Автори споделят

Обсъждаме лични художествени текстове и споделяме идеи за разхубавяването им.

Re: Автори споделят

Postby Adi » Wed Oct 28, 2015 10:11 am

Кратък клип на Патрик Нес, в който разказва за своя опит с писането, идеите и мотивацията.

А междувременно ArtLine се похвалиха във фейсбук, че можем да видим Патрик Нес на живо за панаира на книгата през декември! Само да успея да отида... *няма достатъчно шаваща емотиконка за чувствата ми в момента*

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Re: Автори споделят

Postby Кал » Fri Nov 27, 2015 4:44 pm

In Sturgeon Is Alive and Well, Theodore Sturgeon wrote:Once to a perceptive friend I was bemoaning the fact that there was a gap in my bibliography for 1940 to 1946. (Actually some stories were published during the period, but only one had been written after 1940.) What wonders I might have produced had I not been clutched up, I wailed. And he said no, be of good cheer. He then turned on the whole body of my work a kind of searchlight I’d not been able to use, and pointed out to me that the early stuff was all very well, but the stories were essentially entertainment; with few exceptions they lack that Something to Say quality which marked the later output. In other words, the retreat, the period of silence, was in no way a cessation, a stopping. It was a silent working out of ideas, of conviction, a profound selection. The fact that the process went on unrecognized and beyond or beneath my control is quite beside the point. The work never stopped.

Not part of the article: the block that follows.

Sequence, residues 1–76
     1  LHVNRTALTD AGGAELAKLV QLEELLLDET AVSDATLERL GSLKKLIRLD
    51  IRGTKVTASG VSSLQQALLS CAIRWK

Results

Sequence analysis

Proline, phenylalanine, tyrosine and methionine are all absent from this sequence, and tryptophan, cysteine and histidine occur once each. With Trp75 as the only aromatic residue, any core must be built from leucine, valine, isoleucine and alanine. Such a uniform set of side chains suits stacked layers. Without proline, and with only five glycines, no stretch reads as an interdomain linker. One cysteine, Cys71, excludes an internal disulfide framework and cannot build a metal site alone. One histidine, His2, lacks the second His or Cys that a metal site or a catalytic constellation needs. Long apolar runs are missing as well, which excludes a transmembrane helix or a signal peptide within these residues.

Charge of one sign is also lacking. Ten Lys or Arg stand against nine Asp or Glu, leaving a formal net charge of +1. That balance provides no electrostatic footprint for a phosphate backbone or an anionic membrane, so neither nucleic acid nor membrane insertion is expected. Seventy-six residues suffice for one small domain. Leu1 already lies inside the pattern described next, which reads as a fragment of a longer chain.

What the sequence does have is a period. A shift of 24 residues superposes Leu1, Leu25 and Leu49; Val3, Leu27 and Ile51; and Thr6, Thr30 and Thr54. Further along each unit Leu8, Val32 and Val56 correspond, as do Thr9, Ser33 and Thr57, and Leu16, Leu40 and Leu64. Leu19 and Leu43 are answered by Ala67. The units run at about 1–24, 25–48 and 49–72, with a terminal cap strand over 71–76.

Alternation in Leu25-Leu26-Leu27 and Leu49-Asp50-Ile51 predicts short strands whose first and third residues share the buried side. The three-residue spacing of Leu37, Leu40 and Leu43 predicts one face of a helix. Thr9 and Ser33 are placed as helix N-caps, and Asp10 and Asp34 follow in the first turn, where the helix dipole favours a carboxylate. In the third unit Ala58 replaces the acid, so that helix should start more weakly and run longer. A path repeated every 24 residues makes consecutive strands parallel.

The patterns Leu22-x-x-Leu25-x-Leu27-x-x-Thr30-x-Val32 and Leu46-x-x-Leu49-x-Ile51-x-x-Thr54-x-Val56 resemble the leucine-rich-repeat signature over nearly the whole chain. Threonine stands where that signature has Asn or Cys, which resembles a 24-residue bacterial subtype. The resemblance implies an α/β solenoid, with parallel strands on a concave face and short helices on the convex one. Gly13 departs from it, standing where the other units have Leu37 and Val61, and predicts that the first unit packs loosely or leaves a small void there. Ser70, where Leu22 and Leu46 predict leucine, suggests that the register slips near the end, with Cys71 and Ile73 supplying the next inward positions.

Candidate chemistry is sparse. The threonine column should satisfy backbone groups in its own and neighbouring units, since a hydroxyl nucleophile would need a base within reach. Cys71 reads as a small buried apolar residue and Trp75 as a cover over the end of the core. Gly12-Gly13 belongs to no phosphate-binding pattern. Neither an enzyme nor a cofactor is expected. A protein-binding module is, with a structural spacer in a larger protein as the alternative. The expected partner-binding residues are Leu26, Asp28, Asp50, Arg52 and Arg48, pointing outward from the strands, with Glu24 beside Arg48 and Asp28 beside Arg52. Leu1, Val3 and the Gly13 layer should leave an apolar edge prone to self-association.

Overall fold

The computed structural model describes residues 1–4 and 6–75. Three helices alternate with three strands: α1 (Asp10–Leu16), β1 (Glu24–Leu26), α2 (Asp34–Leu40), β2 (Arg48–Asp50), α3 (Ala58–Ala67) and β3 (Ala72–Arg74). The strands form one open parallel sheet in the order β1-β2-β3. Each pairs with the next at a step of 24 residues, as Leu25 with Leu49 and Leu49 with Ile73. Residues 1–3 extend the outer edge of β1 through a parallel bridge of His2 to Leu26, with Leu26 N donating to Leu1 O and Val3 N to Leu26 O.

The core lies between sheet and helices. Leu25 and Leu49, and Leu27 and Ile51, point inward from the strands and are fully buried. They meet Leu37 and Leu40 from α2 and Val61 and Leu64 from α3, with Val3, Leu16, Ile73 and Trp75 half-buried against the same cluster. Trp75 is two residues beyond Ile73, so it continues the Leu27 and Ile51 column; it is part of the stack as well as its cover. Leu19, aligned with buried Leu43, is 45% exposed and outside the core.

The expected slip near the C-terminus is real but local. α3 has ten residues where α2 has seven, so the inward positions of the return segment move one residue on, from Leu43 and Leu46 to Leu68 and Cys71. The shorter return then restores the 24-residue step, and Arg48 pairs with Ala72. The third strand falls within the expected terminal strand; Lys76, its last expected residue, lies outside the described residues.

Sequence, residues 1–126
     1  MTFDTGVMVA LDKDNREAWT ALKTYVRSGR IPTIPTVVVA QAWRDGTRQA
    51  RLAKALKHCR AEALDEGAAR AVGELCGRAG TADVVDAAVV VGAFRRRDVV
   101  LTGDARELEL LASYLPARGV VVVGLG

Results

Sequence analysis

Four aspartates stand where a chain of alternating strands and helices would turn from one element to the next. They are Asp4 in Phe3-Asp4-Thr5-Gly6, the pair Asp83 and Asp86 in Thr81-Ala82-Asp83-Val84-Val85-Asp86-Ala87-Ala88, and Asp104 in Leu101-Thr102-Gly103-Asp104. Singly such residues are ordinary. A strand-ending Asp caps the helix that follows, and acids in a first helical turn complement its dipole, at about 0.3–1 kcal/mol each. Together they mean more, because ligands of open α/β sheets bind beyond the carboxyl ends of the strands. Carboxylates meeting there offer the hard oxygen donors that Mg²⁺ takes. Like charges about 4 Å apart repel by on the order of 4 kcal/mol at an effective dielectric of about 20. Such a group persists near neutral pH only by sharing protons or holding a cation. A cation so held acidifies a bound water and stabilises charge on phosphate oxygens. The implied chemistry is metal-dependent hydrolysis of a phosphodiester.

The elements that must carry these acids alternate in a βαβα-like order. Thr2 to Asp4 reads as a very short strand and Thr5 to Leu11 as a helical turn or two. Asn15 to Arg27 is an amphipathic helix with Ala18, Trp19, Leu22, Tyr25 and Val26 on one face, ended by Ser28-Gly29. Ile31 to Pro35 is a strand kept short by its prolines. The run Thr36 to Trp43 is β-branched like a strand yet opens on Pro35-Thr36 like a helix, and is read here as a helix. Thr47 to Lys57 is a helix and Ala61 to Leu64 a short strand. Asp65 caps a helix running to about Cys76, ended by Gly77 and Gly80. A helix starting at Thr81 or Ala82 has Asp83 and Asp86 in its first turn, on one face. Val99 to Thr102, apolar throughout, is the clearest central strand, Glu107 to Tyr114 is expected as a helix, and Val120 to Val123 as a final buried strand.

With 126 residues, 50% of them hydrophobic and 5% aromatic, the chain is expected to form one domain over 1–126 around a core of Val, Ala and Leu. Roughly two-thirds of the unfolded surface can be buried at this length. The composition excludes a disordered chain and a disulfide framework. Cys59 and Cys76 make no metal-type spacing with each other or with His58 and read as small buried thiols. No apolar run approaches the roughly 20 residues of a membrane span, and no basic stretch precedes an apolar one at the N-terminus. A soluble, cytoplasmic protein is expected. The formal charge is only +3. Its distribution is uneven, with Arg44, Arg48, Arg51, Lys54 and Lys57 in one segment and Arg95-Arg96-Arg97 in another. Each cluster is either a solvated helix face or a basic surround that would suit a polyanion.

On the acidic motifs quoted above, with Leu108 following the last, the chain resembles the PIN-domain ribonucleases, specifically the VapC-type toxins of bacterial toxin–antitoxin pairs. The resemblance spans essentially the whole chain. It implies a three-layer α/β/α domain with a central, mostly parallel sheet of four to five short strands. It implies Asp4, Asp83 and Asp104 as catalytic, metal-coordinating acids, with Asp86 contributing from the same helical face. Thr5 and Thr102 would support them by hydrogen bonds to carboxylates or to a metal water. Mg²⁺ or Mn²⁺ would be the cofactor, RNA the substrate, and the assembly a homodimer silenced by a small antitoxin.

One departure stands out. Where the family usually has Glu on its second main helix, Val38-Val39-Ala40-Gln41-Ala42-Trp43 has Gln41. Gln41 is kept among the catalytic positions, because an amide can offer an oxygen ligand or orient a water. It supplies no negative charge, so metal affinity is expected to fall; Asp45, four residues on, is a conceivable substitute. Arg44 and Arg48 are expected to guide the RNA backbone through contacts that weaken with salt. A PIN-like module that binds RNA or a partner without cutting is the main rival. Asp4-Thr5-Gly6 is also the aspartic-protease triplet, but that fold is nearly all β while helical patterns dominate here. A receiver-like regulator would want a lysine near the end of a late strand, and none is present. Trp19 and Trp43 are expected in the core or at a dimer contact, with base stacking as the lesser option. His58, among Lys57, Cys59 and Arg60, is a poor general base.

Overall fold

I’ve held hard to that revelation in recent years, and no longer go into transports of anguish when the typewriter stops. I do other things instead, in absolute confidence that when the silent subterranean work is done, it will surface. When it does so, it does with blinding speed—a short story, sometimes, in two hours. But to say I wrote it in two hours is to overlook that complex, steady, silent processing and reprocessing that has been going on for months and often years. Say then I typed it in two hours. I do not know how long it took to write. I could only type it when it was finished.

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Re: Автори споделят

Postby Кал » Mon Jan 04, 2016 10:31 am